Little League International requested that two infields be skinned for the tournament, held in mid-August. Since most of the league play during the season involves both baseball and softball, the infields are normally grass.

Transitioning infield skin from turf to dirt and back

From the time the Little League Softball World Series Major Division moved from Kalamazoo, MI to Portland, OR in 1992 the tournament has been played on conventional 60-foot bases with a grass infield. This wouldn’t typically be the norm for competitive fast pitch softball where one bad hop or errant throw could mean the outcome of the game.
With Little League International getting more involved with the Portland venue it was requested that the Main and East infields be skinned for the week-long tournament held in mid-August. Since most of the league play during the season for District 4 involves both boys baseball and girls softball the infields are left as grass, the mound circle is measured at 40-feet with an 8-foot radius, and the baseball pitching rubber is at the back at 46 feet. Twice the infield of the Main Stadium Field was stripped, regraded and big roll sodded with play 7 days later.
There are typically 10-14 days before the World Series starts after the last District Tournament for the host team to qualify. Then the preparation begins for the fields for live television coverage by ESPN 2 for the semifinals and finals. Aeration, slice seeding, topdressing and fertilizing starts the day following the last tournament game, which can pose challenges to achieve  great results before the tournament starts. However the field gets better every day and, interestingly, looks its best about 2 weeks after everything is over. The decision to go with a skin infield not only frees up some renovation time, but gets the field ready for traditional softball play.
On the first available day the sprinkler heads are marked and the two in front of the shortstop and second base positions are measured and capped. Then the infield grass is sod-cut at about 1 inch and quickly removed by a rubber track ASV skid steer and discarded. The existing soil is lightly tilled with a tow-behind Aerovater, breaking up the hard compacted soil and getting the dirt at a consistent mixture. Then 25 yards of Astoria Sandstone is added to bring the infield level up since almost 1 inch of 3,000 square feet of sod was removed. Then laser grading begins with a slight fall to 2nd and a ½% cone from the mound. Finally, two tons of Turface MVP are added, nail dragged in, and leveled.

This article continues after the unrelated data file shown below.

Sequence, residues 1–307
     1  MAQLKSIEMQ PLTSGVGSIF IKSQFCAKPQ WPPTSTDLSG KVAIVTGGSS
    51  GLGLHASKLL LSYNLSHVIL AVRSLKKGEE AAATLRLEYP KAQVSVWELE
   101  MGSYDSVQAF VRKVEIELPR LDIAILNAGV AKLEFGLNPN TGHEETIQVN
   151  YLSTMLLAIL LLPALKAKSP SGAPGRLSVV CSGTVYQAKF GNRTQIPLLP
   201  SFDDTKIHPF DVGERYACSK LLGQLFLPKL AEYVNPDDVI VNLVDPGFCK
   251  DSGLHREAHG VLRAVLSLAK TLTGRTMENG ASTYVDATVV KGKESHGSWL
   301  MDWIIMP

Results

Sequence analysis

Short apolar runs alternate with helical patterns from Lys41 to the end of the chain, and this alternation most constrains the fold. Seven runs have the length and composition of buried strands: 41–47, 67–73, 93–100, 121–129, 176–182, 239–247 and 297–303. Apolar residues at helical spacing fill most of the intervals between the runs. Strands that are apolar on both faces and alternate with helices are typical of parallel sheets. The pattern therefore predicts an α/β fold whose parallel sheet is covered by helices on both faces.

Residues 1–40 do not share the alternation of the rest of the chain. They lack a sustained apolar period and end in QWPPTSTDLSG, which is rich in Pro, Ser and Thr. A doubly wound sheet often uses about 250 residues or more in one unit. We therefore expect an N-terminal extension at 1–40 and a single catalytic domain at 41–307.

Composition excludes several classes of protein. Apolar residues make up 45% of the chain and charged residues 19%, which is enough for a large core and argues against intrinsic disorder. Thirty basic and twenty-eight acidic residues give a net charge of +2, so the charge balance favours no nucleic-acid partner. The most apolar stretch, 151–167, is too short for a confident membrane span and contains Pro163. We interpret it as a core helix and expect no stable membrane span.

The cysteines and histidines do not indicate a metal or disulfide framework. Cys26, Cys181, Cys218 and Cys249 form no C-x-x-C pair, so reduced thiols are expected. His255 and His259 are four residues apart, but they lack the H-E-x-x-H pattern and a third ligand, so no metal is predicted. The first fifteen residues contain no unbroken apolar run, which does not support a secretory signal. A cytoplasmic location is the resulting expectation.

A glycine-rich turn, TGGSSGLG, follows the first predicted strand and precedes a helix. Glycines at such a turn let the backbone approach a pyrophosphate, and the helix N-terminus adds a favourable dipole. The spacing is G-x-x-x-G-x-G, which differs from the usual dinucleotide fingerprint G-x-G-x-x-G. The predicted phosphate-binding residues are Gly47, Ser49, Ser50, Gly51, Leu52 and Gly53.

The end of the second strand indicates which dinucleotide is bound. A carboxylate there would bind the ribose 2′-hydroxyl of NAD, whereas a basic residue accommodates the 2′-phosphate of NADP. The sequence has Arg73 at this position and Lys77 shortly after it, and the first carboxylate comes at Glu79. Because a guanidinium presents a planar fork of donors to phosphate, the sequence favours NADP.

This year’s tournament featured a new look for the infield skin portion. By measuring every 4 feet down each baseline and the opposite grass edge area of a conventional 60-foot base infield, a string was strung out and, with the use of a Scotts drop spreader, Turface’s new infield conditioner (Pro League Heritage Red) was spread in straight  lines. Pulling the drop spreaders backwards allows for the product to come out faster and uniform. With practice, the application was done faster and more precisely.
Softball needs to have a white line to indicate the 8-foot radius where the pitcher can receive the ball. After the pitch the runners have to immediately return or advance to the next base. Inside the circle was completely filled in with a couple of passes of the drop spreader. The patterns were laid out so that they had a continuous appearance all the way around. The tartan pattern was originally done for the opening ceremonies and only after the acceptance from the tournament director, Bob Hudlow, and ESPN 2 was it decided to repeat the pattern for the championship game. The Championship game went on without a hitch and the patterns easily made it through the 6-inning contest.
After the tournament is over the sprinkler heads are located. Then the infield is quickly regraded for a grass infield. Seeding was done in both directions with a Lesco slice seeder. The fixed spinning blades of the slicer act as a power planer and shave any high dirt and gradually smoothes the loose dirt over the seed. Since the seeding or sodding of grass will raise the height of the infield, the grading of the grass portion of the infield is lowered ¾ of an inch to prevent starting with a lip.
Grass lines are established by running a gas edger backwards to create a clean groove in the dirt. Using a landscape rake the inside of the groove is shaved down, allowing the grass to grow even with the infield dirt. This year the baselines were seeded as well to try to limit the maintenance for the unpredictable fall Oregon rain. With tarps for both the mound and homeplate available and the infield graded with a slight slope to the back edge of the infield, rains can effectively be managed.